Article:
Today, the interiors have been thoughtfully and carefully restored to an approximation of their 19th century appearance.

Looking back towards the house from the terraced garden

A dramatic, free-standing spiral staircase rises from the house's entrance hall, connecting parlors and the dining room on the ground floor with the family and staff bedrooms above.  Mahogany doors open onto spacious double parlors on the ground floor with handsome carved marble fireplaces and tall windows that look out onto the elegant, terraced garden.  The house includes a large, Colonial Revival style orangery that was added by the Garden Club during the Delano & Aldrich renovation.

The front facade of the house showing its original
second storey iron balconies.  It is missing the shutters
that once hung on its windows.
(Reggie would prefer it if there wasn't so much asphalt
covering the ground in front of the house...)

The Bartow-Pell Mansion's interiors are beautifully furnished with period antique furniture made by New York City's most noteworthy cabinetmakers of the early nineteenth century, including examples from the workshops of Duncan Phyfe, Charles-Honoré Lannuier, and Michael Allison, among others.

A view of the front of the Bartow-Pell Mansion, ca. 1870
Image courtesy of the City of N.Y. Department of Parks & Recreation

Furniture, decorations, and art have been donated to the house museum and also loaned to it by the Metropolitan Museum of Art and the Museum of the City of New York.

The empty decorative niche in the facade
of the front of the house

The Bartow-Pell Mansion is listed on the National Register of Historic Places, and is both a National Landmark and a New York City Landmark.

The estate's coach house, built in 1842, was not open
the day Reggie visited the Bartow-Pell Mansion

The house and gardens are still operated by the International Garden Club.

The sign at the entrance gates to the
Bartow-Pell estate

Reggie enjoyed visiting the Bartow-Pell Mansion and its gardens, and he encourages his readers to visit the estate as well.  Doing so provides a unique opportunity to take in a rare survivor of refined and elegant country house living by members of the city's highest elite during the middle decades of the nineteenth century.

* Reggie has not been able to find any information about the International Garden Club, beyond what is contained on the Bartow-Pell Mansion's website.  He would be most grateful to any of his readers who know more about the Club if they would share it with him and his readers.

A special thanks to the Bartow-Pell Mansion Museum & Gardens and the Historic House Trust of New York City.  Reggie has consulted and relied on resources published by both entities in this posting.

Except where noted, all photographs by Reggie Darling and Boy Fenwick.

12 comments:

  1. Hello Reggie, A very handsome house, and it wouldn't take much to get the facade looking like that 1870 photograph. In addition to house museums, there are a number of old houses owned publicly (or corporately), and while not set up with period decoration, it probably would not be all that difficult to get a peek inside.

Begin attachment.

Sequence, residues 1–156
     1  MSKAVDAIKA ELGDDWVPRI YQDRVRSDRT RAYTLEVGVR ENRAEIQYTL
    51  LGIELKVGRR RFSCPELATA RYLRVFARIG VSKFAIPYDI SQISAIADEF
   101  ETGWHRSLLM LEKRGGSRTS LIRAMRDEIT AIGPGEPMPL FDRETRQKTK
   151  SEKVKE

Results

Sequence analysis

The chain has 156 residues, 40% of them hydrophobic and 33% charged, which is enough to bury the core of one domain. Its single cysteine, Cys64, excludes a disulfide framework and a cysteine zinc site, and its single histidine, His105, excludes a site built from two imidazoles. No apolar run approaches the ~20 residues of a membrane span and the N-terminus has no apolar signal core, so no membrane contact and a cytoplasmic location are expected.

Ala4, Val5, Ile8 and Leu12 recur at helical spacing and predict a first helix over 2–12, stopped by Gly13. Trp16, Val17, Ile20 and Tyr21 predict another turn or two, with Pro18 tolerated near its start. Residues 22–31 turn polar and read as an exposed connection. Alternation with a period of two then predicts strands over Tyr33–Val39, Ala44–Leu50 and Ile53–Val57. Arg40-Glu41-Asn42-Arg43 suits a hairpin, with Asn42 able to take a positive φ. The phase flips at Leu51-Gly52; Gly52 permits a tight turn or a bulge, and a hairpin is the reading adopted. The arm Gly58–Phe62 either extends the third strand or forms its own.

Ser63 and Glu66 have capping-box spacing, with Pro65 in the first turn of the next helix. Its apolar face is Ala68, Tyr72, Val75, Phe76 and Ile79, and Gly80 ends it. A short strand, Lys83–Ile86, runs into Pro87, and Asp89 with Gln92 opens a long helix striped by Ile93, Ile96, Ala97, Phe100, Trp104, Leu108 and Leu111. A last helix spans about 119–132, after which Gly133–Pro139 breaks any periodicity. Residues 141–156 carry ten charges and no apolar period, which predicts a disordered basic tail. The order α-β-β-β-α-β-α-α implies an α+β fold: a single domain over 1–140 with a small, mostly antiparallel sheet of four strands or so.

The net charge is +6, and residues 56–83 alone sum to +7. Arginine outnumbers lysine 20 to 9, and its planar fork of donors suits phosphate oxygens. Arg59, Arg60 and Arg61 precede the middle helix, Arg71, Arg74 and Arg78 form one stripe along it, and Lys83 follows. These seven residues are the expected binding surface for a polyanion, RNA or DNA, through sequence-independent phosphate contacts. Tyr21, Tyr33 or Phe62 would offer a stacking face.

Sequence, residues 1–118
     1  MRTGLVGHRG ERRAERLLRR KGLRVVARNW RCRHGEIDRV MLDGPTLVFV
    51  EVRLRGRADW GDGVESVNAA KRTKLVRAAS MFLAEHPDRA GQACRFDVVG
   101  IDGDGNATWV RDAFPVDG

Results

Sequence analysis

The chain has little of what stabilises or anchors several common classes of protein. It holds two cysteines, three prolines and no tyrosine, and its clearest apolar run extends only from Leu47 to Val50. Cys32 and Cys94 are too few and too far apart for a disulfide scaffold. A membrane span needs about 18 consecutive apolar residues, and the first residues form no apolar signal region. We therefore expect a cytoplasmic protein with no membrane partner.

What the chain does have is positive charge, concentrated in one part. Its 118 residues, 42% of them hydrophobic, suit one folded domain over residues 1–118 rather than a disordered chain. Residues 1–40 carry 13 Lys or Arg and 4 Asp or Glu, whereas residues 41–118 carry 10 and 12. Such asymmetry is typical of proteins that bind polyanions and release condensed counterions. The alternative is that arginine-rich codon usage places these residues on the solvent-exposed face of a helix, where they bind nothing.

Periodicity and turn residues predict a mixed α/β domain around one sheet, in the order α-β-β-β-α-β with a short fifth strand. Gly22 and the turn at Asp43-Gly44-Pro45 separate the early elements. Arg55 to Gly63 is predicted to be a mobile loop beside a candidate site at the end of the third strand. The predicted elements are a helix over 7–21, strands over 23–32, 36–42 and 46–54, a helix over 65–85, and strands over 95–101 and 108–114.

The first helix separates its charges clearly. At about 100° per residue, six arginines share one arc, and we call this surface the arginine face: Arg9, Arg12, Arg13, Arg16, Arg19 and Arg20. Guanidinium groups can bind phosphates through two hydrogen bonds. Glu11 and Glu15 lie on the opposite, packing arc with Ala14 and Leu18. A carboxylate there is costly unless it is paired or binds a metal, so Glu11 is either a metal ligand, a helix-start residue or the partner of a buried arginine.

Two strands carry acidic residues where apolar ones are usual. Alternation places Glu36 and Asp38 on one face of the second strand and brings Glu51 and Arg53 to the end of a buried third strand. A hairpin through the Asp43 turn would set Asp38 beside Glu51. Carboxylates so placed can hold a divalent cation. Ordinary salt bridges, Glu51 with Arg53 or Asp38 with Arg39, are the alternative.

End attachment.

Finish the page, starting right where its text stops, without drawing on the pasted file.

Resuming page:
ReplyDelete
  2. A note about Maria Lorillard. The Lorillard Family was the owner of most of the property that is now The New York Botanical Garden (also a Bronx treasure!).

    ReplyDelete
  3. Beautiful! You always share such interesting things and wonderful experiences. Y'all should visit Swan House at The Atlanta History Center and Pebble Hill Plantation in Thomasville, GA. Swan House was decorated in the late 1920s by Ruby Ross Wood and remains a substantially intact example of her talents.

    ReplyDelete
  4. Hello Reggie,

    What a wonderful way to spend a leisurely afternoon. I too am a big fan of house museums (such as the Valentine in Richmond that you so very kindly recommended to us last year - oh, what a breathtakingly beautiful house that was!).

    I did not know of this particular house, and would dearly love to visit when I eventually make it out to Gotham.

    I think the master bedroom must be my favorite room in a house full of beautiful rooms. The cheery orange color really elevates the room to something otherworldly (oh, that bed!). The stone carriage house looks to be a little gem.

    Obviously, The Historic House Trust has gone to great lengths to furnish and decorate this house, and it shows. However, I wish they'd acquire some older pieces of porcelain and glassware for their dining table, so it too can look age appropriate to the rest of the decoration. Oh, and that asphalt has to go!

    ReplyDelete
  5. Must say I agree with Reggie ,no asphalt! A circular stone driveway would look much better! Along with replacing the missing shutters. What a beautiful house! Thankyou for the post and little tour, a must see next time I'm in NewYork.

    ReplyDelete
  6. R.D. was there a schooled docent to give a tour? Tours these days can be engaging if the spiel is not a rote talk but an engaging explanation of life and furnishings. I was a docent at a historical site/house museum and I hope those that joined me in the tour were educated and gained a perspective of life during this time pre Civil War in Florida! I will always remember Mt. vernon and the Houses I visited Charleston.

    ReplyDelete
  7. I too enjoyed my visit to the Bartow-Pell mansion, Isnt that Lannuier bedstead something? I wonder if the orange material is original, finally why anyone would consider these houses a burden is beyond me

    In return I send you a photo of the hall in Elizabeth Bay House, Sydney's Greek Revival House built by the then Colonial Secretary Alexander McLeay between 1835 and 1839. It had 54 acres of gardens and was described as the finest house in the colony


    http://fc03.deviantart.net/fs16/f/2007/124/4/1/Elizabeth_Bay_House_interior_by_zwanzig.jpg

    ReplyDelete
  8. I wouldn't change a thing. How did I not know about this house?? I must run up there one of these days. I can't tell you how much I appreciate your find, you captured it beautifully.

    ReplyDelete
  9. I worked for the Historic House Trust and nearly was the caretaker of the Bartow-Pell mansion. I can tell you that the hangings, bedspread and window treatments for the Lannuier bedroom are recent (within the last 20 years) replacements by Scalamandre. I recall the first time I visited the house. As I pulled up in front of the house on the yes, overpaved driveway, there were two deer on the lawn. I remember thinking, "Wow, who would believe seeing deer on the lawn in New York City?"

    ReplyDelete
  10. Hoorah for the Garden Club for saving this residence! They have done a lovely job with the furnishings and adapting it to the period.

    Thank you for taking us along, Reggie. I always enjoy touring with you.

    Elizabeth

    ReplyDelete

Please do comment! I welcome and encourage them, and enjoy the dialogue.

Related Posts with Thumbnails